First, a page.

Third Party & Independents Archives

Teasing Out Obama's Foreign Policy

At the Belfer Center, in the Kennedy School of Government at Harvard, a recent guest speaker was Jake Sullivan, current senior advisor on the Iran Nuclear Negotiations. In case you thought Obama’s foreign policy was rudderless, Jake Sullivan helped put it all in perspective for students and fellows. Obama’s policy response has been to “rebuild, rebalance, and reshape.” In other words, there are deep and encompassing objectives he has in mind when he stumbles from one crisis to another. You just might not be able to see them if you are not lucky enough to be a Harvard scholar or student. Let’s see if it is possible to tease out their layers of meaning.


If rebuilding is an objective, say in Iraq, how does that get achieved with massive troop withdrawals and the rise of ISIS? What confidence can local partners, who live in volatile and dangerous societies with factions often one step from open warfare, have in the White House's commitment to their region? Rebuilding is tough work and requires the ability to stay focused, and like justice, it must be seen that you are staying focused by both allies and enemies.

The Royal United Services Institute, or RUSI; a UK think tank, released a paper describing America as cautious hegemony rebalancing towards East Asia. In other words, Obama wants to focus primarily on China and to essentially leave the Middle East as a secondary focus point in terms US international strategy. In Obama's words, spoken in 2011, the US was going to pivot to "where the action's going to be." Nice call Mr. President. You might want to rethink that game plan. Of course, part of that plan is to have European allies take up more of the slack. The UK might, but having France play a major role in Middle East and North Africa policy is just a tad unsettling. Obama seems to be caught between events on the ground and his grand rebalancing scheme. A self-made no-man's-land perhaps.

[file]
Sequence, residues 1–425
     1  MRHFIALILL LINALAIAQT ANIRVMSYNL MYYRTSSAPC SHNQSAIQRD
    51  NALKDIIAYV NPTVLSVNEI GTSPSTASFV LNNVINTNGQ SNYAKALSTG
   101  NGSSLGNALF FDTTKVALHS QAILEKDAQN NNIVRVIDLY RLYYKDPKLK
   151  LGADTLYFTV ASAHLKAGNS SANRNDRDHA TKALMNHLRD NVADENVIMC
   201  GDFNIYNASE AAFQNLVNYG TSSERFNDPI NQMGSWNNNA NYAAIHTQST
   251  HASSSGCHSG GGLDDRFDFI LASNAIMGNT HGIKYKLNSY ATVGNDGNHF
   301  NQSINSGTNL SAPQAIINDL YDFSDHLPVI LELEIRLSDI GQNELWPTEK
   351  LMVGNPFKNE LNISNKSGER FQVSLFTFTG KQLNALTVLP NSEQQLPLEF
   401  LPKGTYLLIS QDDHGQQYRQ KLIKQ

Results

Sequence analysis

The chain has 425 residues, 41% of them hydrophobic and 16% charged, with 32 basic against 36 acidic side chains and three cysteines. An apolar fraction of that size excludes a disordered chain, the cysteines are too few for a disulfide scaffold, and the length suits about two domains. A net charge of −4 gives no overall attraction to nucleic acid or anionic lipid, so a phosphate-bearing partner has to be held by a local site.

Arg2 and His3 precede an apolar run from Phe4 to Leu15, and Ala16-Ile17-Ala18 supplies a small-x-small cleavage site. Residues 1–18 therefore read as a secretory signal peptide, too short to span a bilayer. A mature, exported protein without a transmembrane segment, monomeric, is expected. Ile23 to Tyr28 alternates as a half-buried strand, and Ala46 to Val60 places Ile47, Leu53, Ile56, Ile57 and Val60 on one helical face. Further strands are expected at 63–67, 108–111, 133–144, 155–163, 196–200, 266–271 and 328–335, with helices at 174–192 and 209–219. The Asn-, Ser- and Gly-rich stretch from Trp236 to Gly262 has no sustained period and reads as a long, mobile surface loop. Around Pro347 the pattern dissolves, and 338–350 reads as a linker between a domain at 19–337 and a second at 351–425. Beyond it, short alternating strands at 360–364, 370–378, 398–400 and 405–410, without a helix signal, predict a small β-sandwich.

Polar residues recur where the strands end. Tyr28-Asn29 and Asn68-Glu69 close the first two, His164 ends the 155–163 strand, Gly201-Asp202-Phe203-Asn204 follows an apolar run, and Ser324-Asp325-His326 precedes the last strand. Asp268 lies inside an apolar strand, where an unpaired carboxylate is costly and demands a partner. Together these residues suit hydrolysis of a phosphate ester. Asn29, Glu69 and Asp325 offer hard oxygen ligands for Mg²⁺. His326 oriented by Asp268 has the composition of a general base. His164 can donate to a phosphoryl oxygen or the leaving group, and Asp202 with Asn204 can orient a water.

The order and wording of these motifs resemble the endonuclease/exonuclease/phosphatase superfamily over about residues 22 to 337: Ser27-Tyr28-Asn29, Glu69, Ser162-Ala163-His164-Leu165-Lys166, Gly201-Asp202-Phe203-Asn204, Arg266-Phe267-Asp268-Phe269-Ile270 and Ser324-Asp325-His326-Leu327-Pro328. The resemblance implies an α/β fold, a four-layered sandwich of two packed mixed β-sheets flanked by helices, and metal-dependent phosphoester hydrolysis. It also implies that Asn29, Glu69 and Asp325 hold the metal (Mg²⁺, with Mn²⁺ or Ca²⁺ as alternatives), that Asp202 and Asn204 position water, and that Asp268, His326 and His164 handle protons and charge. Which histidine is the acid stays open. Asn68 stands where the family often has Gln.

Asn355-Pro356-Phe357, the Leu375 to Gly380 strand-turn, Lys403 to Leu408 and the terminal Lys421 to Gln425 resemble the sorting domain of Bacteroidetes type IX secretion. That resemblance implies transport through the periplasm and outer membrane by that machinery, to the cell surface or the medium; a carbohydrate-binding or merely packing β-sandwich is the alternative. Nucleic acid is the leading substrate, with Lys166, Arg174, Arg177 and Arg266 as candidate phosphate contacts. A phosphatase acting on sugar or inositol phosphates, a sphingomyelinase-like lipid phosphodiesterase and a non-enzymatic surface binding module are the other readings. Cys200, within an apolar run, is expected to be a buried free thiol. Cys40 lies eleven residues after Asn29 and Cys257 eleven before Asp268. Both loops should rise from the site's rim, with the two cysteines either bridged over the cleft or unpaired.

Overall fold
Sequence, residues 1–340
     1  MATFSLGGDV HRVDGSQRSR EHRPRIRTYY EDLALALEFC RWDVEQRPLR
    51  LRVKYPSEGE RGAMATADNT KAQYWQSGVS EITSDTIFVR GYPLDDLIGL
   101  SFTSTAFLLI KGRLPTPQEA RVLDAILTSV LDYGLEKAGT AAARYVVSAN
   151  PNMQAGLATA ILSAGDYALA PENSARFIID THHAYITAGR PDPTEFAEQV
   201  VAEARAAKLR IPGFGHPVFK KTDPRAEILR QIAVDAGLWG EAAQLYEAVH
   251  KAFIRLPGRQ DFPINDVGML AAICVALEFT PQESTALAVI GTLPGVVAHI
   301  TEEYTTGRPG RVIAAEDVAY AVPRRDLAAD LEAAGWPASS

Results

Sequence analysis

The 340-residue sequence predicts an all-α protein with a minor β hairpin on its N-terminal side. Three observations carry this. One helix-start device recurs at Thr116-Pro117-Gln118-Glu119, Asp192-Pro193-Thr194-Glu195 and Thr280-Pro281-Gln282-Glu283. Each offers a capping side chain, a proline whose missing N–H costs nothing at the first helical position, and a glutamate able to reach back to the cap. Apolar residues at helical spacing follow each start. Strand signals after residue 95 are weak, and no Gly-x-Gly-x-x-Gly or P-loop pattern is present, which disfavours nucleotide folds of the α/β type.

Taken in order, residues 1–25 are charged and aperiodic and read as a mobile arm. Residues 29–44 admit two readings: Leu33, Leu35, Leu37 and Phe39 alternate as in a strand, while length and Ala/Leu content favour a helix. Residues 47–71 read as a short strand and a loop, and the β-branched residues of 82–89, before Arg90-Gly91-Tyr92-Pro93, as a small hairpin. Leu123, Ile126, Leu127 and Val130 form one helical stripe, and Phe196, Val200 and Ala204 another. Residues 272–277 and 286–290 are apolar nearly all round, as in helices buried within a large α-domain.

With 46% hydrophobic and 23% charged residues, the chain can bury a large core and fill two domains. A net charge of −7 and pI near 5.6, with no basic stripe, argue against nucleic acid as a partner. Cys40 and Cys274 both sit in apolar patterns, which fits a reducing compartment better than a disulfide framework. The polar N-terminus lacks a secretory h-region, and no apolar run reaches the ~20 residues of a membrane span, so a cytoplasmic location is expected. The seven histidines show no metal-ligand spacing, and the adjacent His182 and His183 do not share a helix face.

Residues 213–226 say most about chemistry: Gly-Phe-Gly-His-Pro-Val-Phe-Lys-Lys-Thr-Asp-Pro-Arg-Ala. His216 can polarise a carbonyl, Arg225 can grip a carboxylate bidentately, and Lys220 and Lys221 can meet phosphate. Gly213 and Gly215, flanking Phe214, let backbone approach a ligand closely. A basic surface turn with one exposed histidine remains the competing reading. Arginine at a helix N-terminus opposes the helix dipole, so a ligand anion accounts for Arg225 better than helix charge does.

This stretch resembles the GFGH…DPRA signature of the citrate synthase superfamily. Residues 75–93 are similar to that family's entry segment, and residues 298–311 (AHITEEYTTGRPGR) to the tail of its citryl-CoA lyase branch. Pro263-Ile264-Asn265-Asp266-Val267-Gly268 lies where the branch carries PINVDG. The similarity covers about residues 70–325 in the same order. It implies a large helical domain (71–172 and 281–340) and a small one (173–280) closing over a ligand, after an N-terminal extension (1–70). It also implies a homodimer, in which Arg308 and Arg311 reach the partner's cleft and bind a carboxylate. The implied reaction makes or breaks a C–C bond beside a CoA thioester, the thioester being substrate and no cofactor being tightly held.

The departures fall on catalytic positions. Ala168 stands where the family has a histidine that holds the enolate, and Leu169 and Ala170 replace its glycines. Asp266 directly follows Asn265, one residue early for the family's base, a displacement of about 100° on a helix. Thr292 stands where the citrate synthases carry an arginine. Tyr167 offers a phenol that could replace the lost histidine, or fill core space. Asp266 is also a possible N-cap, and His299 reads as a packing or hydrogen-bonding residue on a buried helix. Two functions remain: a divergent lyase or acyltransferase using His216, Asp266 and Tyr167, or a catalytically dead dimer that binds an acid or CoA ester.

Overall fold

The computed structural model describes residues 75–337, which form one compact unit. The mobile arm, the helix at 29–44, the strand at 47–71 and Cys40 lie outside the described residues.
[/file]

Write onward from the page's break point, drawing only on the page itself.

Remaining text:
Reshaping means Japan and in the words of Jamie Fuller writing in the Washington Post back in April, "Japan's morphing role in the region." That essentially means Japan starting to shed it's post WW II pacifist stance and to seriously re-arm itself. While China's rise as an economic and military power is continuous and alarming in many ways, cooperating with a re-armed Japan requires depth and steadiness in foreign policy implementation and execution. How a re-armed Japan would behave in the near future involves some uncertainty and needs both wisdom and strength, real and perceived, on the part of the president. And that means a little less whining at Harvard about how tough the Middle East is by advisors like Jake Sullivan, and a little more consistency and clarity from the White House. That may be too much too ask.

Posted by AllardK at November 26, 2014 1:32 AM
Comments
Comment #386224

The game changer right now, for both domestic and foreign policy, is happening right before our eyes, and it barely being noticed.

Oil prices have dropped even more. They are now down in to the $60’s. A lot of the shale oil fields lose money at these prices. One of the biggest, the Bakken oil field in ND, has a break-even of $73. If anyone wants to look at the particular:

http://www.bloomberg.com/news/2014-10-17/oil-is-cheap-but-not-so-cheap-that-americans-won-t-profit-from-it.html

The Saudis have decided to crush alternative energy competitors and oil producers. Say Buh-Bye to the Keystone Pipeline. They also benefit from denying Iran and ISIS oil revenues. They can keep doing this for years, if they want, in order to keep market share and kill competition. It is entirely plausible that we will see oil prices under $50, and soon.